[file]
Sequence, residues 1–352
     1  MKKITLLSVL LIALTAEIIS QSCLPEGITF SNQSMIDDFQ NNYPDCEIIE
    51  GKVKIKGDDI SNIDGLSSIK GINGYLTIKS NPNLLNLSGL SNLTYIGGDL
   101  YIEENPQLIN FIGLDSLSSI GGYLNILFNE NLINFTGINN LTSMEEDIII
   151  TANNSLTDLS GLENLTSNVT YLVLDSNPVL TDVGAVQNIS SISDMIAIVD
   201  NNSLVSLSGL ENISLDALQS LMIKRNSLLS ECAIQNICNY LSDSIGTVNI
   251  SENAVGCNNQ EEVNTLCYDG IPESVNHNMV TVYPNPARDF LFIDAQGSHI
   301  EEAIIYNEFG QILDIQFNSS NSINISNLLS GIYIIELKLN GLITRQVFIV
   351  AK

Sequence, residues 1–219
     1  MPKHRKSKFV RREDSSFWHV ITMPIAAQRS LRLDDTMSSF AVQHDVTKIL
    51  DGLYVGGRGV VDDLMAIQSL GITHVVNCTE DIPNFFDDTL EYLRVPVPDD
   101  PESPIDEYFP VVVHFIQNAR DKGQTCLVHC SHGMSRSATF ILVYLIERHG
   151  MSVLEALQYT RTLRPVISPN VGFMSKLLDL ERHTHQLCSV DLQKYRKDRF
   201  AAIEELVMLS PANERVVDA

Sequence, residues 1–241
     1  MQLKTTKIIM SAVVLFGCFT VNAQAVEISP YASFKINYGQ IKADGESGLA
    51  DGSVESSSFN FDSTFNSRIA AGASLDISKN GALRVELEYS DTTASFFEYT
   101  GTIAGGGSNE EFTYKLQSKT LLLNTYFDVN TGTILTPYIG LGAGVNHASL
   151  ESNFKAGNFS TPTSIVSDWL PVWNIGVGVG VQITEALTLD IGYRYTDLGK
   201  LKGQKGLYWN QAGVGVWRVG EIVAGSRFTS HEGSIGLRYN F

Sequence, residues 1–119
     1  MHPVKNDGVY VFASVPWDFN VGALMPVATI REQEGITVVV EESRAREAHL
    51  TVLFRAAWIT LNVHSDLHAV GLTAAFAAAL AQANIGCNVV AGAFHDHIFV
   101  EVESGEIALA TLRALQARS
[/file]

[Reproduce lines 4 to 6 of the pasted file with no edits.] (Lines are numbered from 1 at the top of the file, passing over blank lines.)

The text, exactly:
   101  YIEENPQLIN FIGLDSLSSI GGYLNILFNE NLINFTGINN LTSMEEDIII
   151  TANNSLTDLS GLENLTSNVT YLVLDSNPVL TDVGAVQNIS SISDMIAIVD
   201  NNSLVSLSGL ENISLDALQS LMIKRNSLLS ECAIQNICNY LSDSIGTVNI